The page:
By Katie Kull
Wyoming Tribune Eagle
Via Wyoming News Exchange
CHEYENNE – In the late winter and early spring months on highways near Cheyenne, it’s not uncommon on a particularly windy day to see half a dozen semitrailers pushed over on their sides next to the road.
And despite the Wyoming Department of Transportation and other agencies’ efforts to avoid the danger associated with such crashes by issuing warnings for light and high-profile vehicles, over the last four years, the number of blow-over crashes has increased on Interstates 25 and 80.
In 2013, between mile markers 0 and 120.817 on I-25, Wyoming saw 11 blow-over crashes; in 2017, there were 29 such crashes over the same distance, according to preliminary information provided by WYDOT.
On I-80, the numbers have more than doubled. In 2013, on I-80 between mile posts 199.051 and 402.779 saw 15 blow-over crashes. In 2017, that number was 31.
It’s unclear why those numbers have increased so much. But commercial driving experts and law enforcement officers say there’s one common cause: People ignore warning signs or underestimate the power of the wind.
As a truck driver for 30 years and an instructor for Sage Truck Driving School in Cheyenne, Charles Kenworthy got to know all too well the pressures and hazards of driving a 75-foot-long vehicle often weighing several tons.
Kenworthy said despite the pressures of a job paying drivers by the mile and the demand of tight delivery deadlines, safety is paramount.
“A truck driver has to anticipate any future hazard,” Kenworthy said. “We don’t push the envelope of our vehicles at any time.”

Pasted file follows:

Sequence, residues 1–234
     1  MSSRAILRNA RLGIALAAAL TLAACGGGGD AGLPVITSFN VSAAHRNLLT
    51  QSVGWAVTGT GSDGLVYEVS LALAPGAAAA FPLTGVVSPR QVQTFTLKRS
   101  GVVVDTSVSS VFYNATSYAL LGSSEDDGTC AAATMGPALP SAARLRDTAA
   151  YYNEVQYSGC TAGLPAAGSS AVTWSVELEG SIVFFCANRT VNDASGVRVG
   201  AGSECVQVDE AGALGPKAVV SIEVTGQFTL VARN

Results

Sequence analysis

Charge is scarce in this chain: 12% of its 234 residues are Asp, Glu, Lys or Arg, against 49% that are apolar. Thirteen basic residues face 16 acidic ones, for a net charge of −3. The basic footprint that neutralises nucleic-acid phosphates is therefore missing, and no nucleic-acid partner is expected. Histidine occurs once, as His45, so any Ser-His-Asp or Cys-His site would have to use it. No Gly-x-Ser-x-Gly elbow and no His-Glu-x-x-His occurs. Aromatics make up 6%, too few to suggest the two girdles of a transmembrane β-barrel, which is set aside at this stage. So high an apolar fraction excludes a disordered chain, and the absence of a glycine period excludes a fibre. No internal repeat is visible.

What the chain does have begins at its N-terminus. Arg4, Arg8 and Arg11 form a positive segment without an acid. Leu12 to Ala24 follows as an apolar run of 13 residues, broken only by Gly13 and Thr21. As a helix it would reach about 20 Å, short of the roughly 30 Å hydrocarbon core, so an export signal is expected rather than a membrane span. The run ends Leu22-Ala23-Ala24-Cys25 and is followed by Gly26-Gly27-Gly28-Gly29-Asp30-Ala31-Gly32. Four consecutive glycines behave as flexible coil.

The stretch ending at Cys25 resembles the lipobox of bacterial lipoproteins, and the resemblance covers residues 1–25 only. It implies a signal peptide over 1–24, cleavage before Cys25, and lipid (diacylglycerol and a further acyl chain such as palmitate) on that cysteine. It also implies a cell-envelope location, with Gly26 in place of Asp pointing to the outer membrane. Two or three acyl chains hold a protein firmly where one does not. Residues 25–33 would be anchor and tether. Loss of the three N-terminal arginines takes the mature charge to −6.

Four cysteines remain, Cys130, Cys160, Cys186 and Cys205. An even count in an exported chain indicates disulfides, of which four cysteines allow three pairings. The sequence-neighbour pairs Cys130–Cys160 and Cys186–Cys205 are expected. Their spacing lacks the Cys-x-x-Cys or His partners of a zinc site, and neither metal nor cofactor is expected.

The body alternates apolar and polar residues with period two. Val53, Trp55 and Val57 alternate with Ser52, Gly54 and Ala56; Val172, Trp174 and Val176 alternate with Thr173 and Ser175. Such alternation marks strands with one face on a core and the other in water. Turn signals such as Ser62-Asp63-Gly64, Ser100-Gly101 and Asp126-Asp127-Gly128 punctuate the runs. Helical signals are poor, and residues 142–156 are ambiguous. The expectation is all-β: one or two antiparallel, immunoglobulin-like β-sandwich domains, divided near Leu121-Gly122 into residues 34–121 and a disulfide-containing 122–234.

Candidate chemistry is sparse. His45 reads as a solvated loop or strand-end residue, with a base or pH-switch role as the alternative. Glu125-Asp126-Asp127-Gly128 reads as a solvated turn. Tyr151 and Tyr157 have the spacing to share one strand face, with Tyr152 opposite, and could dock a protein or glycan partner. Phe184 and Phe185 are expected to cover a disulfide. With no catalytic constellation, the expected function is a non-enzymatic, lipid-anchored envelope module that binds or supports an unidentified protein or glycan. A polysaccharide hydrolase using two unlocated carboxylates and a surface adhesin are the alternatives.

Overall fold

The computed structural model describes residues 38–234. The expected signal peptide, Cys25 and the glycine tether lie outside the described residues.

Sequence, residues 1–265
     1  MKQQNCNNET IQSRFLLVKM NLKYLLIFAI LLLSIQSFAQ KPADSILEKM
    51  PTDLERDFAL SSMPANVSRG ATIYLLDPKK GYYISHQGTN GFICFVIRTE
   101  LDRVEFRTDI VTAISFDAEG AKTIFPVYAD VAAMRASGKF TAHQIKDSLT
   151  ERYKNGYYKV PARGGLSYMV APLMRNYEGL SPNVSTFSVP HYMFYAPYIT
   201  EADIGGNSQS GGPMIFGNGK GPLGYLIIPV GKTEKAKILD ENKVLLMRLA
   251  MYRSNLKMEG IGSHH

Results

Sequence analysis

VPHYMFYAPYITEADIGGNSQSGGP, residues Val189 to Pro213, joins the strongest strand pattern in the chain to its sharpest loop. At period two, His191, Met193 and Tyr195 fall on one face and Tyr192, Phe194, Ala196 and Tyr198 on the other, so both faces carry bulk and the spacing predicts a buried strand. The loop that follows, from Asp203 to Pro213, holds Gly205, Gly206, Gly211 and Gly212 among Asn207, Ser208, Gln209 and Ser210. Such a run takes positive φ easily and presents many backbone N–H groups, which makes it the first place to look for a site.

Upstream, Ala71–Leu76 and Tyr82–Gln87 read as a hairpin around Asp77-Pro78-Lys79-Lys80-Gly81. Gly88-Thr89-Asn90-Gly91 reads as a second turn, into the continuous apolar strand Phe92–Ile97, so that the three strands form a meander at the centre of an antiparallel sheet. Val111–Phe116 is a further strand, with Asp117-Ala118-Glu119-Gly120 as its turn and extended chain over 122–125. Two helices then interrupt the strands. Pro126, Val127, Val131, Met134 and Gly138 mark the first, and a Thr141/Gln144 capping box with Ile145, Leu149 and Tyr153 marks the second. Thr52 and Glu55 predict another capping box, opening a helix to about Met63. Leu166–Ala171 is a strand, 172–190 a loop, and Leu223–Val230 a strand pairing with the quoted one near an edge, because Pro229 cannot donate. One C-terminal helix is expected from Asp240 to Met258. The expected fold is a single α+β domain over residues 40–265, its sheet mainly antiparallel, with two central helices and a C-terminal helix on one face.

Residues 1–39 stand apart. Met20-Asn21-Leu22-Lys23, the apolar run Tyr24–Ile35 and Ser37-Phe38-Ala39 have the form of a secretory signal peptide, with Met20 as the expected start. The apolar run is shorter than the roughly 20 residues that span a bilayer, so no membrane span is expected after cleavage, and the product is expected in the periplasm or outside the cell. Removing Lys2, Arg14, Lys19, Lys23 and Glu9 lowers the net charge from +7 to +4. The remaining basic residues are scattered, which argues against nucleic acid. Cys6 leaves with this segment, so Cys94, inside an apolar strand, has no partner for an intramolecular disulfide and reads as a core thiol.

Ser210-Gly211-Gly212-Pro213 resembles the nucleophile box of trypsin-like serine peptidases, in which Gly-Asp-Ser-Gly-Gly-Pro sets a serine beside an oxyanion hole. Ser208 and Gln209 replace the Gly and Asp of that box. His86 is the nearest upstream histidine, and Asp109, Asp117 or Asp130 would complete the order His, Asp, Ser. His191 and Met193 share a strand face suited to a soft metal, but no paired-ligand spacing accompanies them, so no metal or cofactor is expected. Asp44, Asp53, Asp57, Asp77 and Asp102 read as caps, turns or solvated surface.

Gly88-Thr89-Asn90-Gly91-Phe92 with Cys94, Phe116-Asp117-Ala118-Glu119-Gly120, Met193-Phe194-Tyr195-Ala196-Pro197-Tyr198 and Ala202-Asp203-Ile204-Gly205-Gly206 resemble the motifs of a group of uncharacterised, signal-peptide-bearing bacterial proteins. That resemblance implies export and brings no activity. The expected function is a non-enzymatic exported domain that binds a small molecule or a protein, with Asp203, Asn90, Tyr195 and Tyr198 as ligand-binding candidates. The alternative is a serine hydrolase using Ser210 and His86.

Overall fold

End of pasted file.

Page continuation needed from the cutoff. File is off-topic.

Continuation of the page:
Kenworthy teaches several classes on safety concerns such as skid control and driving in dangerous conditions.
Teaching drivers how to avoid a blow-over is simple: “Just believe the sign that’s out there,” he said.
There are no hard-and-fast rules for how heavy or light a vehicle can be to survive the strong winds that occur frequently in the early spring on the high plains.
But Kenworthy said a good rule of thumb for commercial transport trucks is about 1,000 pounds of load for each mile per hour of wind. For example, if the wind is blowing 25 miles per hour, a driver should have 25,000 pounds in his or her load.
But Justin Bowling, the director of Sage Truck Driving School, said there are some points when commercial drivers shouldn’t hit the road at all.
“There are certain amounts of wind that no matter what, nobody should be trying to get the truck and trailer through,” he said.
Wind warnings issued by WYDOT are not enforceable by law, meaning there’s no specific citation for failing to heed the notification.
And Sgt. Kyle McKay, spokesman for the Wyoming Highway Patrol, said it’s nearly impossible for law enforcement to know whether a vehicle is too light to be driving under the conditions until it’s too late.
“It’s hard to judge,” he said.
But Highway Patrol troopers can give the driver a ticket for reckless driving or a different citation once the semitrailer has tipped over.
WYDOT has recently ramped up efforts to get more trucks off the road, partnering with the Colorado Department of Transportation in an effort to make vehicles pull off the highway at designated points.
Light or high-profile vehicles are often stopped at those checkpoints, while passenger cars and trucks without trailers are allowed to continue.
Bowling and Kenworthy said that despite the visible nature of blow-overs, such crashes account for a small percent of crashes each year.
Most truck drivers spend their entire careers without an accident or rollover, and it’s because they follow safety protocols, Kenworthy said.
“There are lots of companies that say if you roll a truck, you’re fired,” he added.
McKay encouraged drivers to heed safety warnings, even if they are on a tight deadline to deliver a shipment.
“We understand that trucks are under pressure of deadlines, and I think people drive into winds not expecting them to be as bad as they are,” he said. “(But) they need to be aware of the conditions, and they need to take responsibility.”